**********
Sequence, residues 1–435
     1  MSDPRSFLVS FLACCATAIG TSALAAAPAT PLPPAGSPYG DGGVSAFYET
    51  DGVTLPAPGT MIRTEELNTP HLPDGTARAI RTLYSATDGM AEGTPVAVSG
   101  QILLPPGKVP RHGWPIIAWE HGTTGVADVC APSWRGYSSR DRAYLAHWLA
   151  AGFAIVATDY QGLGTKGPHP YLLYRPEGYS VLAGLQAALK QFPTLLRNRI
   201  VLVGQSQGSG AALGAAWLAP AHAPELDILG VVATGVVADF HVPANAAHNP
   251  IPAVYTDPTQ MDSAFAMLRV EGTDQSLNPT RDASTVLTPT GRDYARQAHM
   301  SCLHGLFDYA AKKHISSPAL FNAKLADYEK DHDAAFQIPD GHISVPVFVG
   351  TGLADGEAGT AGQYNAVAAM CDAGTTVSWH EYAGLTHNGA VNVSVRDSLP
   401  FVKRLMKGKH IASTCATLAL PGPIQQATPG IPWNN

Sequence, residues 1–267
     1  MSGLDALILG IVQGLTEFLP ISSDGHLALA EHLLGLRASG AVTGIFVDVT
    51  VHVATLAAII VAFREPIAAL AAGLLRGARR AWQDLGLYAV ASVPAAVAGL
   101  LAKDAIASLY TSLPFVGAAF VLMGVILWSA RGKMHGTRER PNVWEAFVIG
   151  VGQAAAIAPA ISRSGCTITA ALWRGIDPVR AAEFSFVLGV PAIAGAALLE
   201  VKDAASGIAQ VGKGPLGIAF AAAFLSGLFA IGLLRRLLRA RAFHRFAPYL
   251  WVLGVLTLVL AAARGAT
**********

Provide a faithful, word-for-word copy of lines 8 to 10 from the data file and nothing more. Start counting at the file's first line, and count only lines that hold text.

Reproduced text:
   301  SCLHGLFDYA AKKHISSPAL FNAKLADYEK DHDAAFQIPD GHISVPVFVG
   351  TGLADGEAGT AGQYNAVAAM CDAGTTVSWH EYAGLTHNGA VNVSVRDSLP
   401  FVKRLMKGKH IASTCATLAL PGPIQQATPG IPWNN